He said that frequent visits of President Hamid Karzai to Pakistan and President Asif Ali Zardari and Prime Minister Yusuf Raza Gilani to Afghanistan have helped in not only improving relations but have brought two nations close to each other.

Speaking about the effects of war, Farooq Naek said that instability of three decades in Afghanistan had made a colossal impact on the peace and stability of the region especially Pakistan.

“The region witnessed enhanced radicalization taking roots in the society and Pakistan was the biggest victim of terrorism, and we lost a great leader Benazir Bhutto Shaheed in an act of terrorism,” he said.

For Pakistan, Farooq Naek said, the bottom line was a peaceful, stable, prosperous and developed Afghanistan.

He hoped that the seminar would prove highly conducive to help Afghan nation and state cope successfully with seemingly dauntless challenges lying ahead on the road to transition.

In his opening address, Foreign Secretary of the United Kingdom, William Hague emphasized on efforts towards enhancing the socio-economic stability of Pakistan so that it could play the vital role in war on terror.

He also urged the need of enduring partnership with Afghanistan beyond 2014.

Hague expressed confidence that the upcoming Bonn Conference on Afghanistan would further strengthen the commitment of International to bring about peace in Afghanistan.

Afghan representative, Zia Nezam stressed that end of transition should not be the end of assistance to and cooperation with Afghanistan.

Nato Assistant Secretary General for Operations Ambassador Stephan Evans said that the combat role of Nato in Afghanistan would end in 2014 whereas its assistance and advisory role would continue beyond 2014.

Pakistan High Commissioner for UK, Wajid Shamsul Hasan, Minister Press, Shabbir Anwer and Deputy High Commissioner, Nafees Zakaria also attended the seminar.
Back to Top

Back to Top
US Should Explain its Military Bases in Afghanistan, Russia Says
TOLOnews.com Tuesday, 22 November 2011
Russian Foreign Minister Sergei Lavrov said on Monday that Russia expected an explanation from the US about its military bases in Afghanistan after 2014.

Russia wants to know what tasks these bases will accomplish, Mr Lavrov told reporters in Moscow after a meeting with his Kazakh counterpart.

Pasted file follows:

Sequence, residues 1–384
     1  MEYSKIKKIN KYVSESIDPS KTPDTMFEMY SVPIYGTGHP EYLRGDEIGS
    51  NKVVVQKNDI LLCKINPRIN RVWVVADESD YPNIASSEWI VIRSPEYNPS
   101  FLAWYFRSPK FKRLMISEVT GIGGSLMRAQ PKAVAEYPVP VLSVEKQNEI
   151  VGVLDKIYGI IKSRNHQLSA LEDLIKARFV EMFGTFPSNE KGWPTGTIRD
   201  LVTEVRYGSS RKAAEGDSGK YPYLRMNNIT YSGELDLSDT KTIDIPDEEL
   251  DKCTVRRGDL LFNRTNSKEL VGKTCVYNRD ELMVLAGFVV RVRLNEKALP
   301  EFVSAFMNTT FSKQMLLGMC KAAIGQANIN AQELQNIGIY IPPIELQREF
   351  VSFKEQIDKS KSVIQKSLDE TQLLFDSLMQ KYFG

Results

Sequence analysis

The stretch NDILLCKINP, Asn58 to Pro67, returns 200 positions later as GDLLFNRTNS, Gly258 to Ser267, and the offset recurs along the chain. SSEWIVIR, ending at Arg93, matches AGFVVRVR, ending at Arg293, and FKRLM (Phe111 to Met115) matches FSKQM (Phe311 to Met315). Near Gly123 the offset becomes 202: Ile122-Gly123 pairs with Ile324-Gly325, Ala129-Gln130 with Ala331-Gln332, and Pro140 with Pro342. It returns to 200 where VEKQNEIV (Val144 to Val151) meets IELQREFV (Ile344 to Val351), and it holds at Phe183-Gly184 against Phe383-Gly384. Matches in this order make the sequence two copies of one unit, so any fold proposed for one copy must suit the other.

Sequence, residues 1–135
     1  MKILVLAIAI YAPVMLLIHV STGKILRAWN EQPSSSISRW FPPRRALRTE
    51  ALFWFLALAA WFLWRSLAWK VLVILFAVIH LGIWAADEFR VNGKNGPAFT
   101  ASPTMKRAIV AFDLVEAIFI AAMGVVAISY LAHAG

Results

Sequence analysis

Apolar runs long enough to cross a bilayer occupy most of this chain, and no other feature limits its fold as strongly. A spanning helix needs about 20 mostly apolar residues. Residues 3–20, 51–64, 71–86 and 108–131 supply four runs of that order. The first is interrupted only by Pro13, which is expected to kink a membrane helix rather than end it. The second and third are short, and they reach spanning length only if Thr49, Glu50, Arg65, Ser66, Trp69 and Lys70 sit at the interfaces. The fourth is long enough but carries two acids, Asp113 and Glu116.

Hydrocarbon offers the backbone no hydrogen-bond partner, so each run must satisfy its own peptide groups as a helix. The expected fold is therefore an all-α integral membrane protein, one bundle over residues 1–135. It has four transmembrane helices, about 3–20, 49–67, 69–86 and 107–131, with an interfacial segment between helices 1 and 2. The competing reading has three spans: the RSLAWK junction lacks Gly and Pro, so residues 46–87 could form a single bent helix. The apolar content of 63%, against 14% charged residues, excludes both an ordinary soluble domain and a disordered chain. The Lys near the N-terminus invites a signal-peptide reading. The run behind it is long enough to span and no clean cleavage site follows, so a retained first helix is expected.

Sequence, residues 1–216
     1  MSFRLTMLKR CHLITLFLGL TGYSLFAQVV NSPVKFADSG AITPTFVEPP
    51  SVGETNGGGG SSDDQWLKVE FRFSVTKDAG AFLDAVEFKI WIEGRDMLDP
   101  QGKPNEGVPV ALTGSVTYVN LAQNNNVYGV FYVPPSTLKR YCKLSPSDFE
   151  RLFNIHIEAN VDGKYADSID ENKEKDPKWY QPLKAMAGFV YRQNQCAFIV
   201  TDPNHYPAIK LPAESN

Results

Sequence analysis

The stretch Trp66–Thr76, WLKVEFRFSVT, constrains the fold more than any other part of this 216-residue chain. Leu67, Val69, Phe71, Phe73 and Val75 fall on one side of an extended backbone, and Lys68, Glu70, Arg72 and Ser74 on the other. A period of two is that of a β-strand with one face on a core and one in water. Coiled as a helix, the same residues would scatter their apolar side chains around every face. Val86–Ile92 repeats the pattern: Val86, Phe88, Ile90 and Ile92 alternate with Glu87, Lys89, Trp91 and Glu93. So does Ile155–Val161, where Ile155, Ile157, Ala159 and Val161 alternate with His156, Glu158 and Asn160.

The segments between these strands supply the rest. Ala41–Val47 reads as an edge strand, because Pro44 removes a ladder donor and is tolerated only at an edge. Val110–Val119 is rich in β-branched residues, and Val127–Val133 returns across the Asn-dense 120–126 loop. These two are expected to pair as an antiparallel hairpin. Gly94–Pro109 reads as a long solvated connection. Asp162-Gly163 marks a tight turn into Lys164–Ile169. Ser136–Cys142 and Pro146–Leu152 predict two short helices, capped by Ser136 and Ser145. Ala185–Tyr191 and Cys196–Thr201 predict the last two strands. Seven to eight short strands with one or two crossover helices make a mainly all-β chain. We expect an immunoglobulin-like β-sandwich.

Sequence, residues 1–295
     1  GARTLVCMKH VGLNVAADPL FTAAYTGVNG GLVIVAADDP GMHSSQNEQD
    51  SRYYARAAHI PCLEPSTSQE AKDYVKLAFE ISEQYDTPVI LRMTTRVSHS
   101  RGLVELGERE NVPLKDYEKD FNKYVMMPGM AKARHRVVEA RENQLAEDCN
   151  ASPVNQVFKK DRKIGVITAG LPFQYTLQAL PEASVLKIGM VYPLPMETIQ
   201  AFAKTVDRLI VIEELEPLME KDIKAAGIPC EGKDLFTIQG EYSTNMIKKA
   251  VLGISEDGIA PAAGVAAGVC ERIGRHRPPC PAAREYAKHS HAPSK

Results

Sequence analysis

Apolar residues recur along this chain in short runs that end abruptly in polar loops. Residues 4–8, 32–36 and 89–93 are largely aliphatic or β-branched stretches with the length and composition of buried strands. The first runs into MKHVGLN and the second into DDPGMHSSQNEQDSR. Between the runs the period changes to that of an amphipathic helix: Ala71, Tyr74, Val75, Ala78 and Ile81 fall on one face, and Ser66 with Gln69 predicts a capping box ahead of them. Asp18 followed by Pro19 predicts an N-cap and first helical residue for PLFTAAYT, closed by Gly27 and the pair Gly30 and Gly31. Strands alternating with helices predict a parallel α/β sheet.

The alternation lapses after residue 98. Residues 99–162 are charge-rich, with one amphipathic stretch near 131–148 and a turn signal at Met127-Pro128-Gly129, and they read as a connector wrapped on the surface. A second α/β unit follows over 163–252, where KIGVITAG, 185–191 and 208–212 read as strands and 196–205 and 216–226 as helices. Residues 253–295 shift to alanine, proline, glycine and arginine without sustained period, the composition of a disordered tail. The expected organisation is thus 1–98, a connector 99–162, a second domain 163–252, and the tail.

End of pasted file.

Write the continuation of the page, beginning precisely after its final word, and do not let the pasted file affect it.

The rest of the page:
"There is some contradiction we would like to clarify," the Russian foreign minister said.

His comments come after 2,000 delegates at a Loya Jirga in Kabul over the weekend gave their backing to a long-term Afghan-US partnership deal. The agreement will allow the US to have bases on Afghan soil until 2024.

Mr Lavrov said that it is important for Russia to understand how US troop withdrawal from Afghanistan and the creation of US military bases correspond.

Russia will discuss the issue in an open way with Afghanistan and the United States, he added.
Back to Top

Back to Top
The Rebirth of Afghanistan's Banking
By Dinesh Narayanan Forbes
Nearly nine million Afghans are living in extreme poverty because of a lack of investment in farming, Mohammad Asif Rahimi, Afghanistan's minister for agriculture, livestock and irrigation, said on October 16, World Food Day.

The World Bank estimates that about 36% of Afghans live below the poverty line or survive on less than $25 a month and nearly half the population lives on less than $30 a month. Minister Rahimi also said in the past three decades investment in agriculture had shrunk 43%.

Throughout 2009 and until mid-2010, the country was gripped by a price deflation. In 2009, average consumer price inflation was a negative 12.02%. Since then, prices have risen gradually, led by housing costs. By December 2010, the needle had swung to 12.09%. Afghanistan's output grew 8.2% in 2010 and the International Monetary Fund (IMF) expects it to expand by 7.4% in 2011.

The central bank, Da Afghanistan Bank (DAB), missed its monetary target of 22% money circulation growth in 2009- 10, but that hardly made any impact because of deflation. Actual money circulation grew 29%, the World Bank says.